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Rush Rhees Library

Library Rd
Rochester, NY, US

Category: Labor Education

Used in the following map:

Rochester Labor History eMap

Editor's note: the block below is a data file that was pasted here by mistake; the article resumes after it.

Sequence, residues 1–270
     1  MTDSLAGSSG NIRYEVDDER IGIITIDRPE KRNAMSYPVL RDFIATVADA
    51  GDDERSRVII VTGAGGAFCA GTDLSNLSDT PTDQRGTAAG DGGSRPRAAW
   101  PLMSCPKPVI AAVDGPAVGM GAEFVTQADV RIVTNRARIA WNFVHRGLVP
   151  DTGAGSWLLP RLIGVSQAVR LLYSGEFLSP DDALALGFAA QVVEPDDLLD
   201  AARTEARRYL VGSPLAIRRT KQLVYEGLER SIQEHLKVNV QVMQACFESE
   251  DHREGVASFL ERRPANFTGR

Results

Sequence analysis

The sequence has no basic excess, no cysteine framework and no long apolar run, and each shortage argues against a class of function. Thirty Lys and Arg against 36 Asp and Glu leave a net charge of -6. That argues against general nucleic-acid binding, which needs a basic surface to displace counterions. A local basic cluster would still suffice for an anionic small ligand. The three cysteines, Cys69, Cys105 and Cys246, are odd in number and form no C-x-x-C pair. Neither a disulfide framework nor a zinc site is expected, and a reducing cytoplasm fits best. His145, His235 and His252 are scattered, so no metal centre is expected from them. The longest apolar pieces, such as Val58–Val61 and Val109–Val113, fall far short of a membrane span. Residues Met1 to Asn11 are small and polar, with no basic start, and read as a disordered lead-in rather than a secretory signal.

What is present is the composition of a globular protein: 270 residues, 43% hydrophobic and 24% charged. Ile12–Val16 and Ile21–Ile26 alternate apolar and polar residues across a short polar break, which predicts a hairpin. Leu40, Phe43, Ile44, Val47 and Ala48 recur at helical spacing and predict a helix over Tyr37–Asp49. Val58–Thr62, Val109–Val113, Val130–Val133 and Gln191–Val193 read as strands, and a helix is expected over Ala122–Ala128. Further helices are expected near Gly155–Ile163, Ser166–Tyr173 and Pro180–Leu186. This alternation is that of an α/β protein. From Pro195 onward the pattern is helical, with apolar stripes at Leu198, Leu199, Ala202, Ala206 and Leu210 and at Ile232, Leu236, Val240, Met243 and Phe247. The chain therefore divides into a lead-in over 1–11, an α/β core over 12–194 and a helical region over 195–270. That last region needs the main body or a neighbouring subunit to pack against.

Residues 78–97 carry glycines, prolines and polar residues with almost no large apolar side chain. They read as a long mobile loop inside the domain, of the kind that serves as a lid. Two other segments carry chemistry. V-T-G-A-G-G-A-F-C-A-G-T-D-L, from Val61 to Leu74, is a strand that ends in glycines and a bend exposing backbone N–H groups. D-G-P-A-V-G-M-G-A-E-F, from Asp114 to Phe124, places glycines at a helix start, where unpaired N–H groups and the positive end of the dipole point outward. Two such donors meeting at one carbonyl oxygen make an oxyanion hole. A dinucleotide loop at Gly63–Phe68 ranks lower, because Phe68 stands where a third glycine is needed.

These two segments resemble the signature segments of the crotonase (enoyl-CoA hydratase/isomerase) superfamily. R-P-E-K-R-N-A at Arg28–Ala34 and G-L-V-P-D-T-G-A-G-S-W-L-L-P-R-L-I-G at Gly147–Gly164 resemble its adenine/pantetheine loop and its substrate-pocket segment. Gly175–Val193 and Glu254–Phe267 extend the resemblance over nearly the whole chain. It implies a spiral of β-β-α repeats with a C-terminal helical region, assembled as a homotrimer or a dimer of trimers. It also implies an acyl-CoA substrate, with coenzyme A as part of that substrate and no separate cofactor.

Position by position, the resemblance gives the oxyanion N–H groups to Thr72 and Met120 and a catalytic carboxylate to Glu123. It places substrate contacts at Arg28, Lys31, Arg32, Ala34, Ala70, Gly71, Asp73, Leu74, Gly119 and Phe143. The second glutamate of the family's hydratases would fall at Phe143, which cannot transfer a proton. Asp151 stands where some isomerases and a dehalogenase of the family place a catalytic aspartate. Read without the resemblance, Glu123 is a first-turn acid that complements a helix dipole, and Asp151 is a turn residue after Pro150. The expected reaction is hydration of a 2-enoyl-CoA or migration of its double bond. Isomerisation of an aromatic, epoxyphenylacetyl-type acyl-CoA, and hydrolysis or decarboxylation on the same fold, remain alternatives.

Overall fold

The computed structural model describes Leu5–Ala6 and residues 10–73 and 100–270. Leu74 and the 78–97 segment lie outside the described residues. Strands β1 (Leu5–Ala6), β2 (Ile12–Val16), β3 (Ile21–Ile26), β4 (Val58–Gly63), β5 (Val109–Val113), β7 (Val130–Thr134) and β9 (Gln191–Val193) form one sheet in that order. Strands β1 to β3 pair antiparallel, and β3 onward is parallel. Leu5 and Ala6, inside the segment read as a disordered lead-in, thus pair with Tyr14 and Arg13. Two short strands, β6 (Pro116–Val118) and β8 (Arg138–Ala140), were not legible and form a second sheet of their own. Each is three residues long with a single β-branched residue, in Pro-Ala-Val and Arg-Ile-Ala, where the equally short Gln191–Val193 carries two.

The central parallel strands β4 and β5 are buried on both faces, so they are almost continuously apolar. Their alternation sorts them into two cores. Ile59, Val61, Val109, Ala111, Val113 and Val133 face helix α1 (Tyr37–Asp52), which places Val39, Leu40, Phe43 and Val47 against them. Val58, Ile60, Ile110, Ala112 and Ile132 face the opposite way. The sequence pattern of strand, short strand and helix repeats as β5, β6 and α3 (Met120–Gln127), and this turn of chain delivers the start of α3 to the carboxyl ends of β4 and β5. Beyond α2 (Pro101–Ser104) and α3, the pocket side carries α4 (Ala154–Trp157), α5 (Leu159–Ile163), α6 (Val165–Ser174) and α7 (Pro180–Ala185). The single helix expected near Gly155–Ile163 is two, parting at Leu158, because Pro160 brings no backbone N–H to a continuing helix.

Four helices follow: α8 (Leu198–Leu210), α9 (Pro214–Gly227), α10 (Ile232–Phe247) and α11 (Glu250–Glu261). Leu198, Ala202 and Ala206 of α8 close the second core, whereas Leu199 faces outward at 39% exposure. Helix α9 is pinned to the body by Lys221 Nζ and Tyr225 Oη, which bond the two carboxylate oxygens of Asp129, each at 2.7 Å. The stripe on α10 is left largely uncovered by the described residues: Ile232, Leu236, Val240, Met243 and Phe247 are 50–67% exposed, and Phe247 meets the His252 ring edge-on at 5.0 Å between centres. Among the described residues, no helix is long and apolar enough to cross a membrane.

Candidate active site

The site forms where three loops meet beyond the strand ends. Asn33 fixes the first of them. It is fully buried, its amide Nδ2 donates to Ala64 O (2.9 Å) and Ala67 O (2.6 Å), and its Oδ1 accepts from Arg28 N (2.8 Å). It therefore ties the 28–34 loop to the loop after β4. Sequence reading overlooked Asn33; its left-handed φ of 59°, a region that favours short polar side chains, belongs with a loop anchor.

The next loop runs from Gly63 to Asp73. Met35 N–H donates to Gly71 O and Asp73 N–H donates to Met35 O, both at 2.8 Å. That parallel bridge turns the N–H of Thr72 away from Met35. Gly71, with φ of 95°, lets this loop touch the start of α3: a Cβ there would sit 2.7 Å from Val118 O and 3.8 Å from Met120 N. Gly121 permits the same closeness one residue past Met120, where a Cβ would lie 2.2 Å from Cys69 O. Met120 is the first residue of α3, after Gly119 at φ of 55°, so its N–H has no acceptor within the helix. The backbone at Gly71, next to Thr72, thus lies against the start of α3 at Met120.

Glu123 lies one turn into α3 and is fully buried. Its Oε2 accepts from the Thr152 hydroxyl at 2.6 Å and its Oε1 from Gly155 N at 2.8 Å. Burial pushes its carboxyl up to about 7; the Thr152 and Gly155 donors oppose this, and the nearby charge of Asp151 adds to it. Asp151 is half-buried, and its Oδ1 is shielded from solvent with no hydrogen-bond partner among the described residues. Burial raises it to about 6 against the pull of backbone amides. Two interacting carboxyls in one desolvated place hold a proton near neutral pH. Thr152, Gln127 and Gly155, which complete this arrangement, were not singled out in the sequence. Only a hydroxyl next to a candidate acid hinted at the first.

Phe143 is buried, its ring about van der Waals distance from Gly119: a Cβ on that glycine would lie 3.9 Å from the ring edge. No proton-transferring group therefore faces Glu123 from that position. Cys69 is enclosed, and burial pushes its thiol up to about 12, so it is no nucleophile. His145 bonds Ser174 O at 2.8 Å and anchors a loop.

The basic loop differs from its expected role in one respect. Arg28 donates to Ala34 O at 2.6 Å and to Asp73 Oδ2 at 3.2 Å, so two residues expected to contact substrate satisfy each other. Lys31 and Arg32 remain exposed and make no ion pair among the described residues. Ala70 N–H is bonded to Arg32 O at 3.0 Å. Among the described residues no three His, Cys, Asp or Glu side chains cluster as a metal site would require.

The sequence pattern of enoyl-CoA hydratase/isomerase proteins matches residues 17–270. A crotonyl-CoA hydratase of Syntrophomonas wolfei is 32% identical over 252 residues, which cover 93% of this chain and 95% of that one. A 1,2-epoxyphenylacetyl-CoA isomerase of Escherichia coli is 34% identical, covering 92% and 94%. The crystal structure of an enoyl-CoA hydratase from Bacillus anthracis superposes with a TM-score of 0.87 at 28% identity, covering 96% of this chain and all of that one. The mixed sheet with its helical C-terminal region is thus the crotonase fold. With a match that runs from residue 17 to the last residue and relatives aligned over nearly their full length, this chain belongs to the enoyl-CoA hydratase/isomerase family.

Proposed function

During the years Herbert G. Gutman taught at the University of Rochester, 1967-1972, he played a major role in establishing Labor History as a field of American historical study. Influenced by E. P. Thompson's The Making of the English Working Class, Gutman studied American workers' resistance to the demands of the industrial regime and its work ethic that developed between 1815 and 1919, focusing especially on the successive waves of new immigrants who continually redefined the structure and culture of America's working class. Gutman developed his ideas in articles, papers and reviews and through discussion with colleagues and students, formulating them in the title essay of Work, Culture & Society in Industrializing America (1977). Gutman's contribution to American history continued after he left Rochester. In 1973 he co-edited Many Pasts, a collection of readings in American social history; in 1977 he published Slavery and the Numbers Game, attacking the methods and conclusions of Time on the Cross, a controversial work on the economics of slavery; that same year he completed The Black Family in Slavery and Freedom, refuting Daniel P. Moynihan's theses on the historic disfunctionality of black families. Two important publications followed Gutman's early death in 1985 at age 56: Power and Culture (1987), a collection of essays, many unpublished, and Who Built America? Working People and the Nation's Economy, Politics, Culture and Society (1989), produced by the American Social History Project under Gutman's direction - perhaps the most useful resource on the making of the American working class.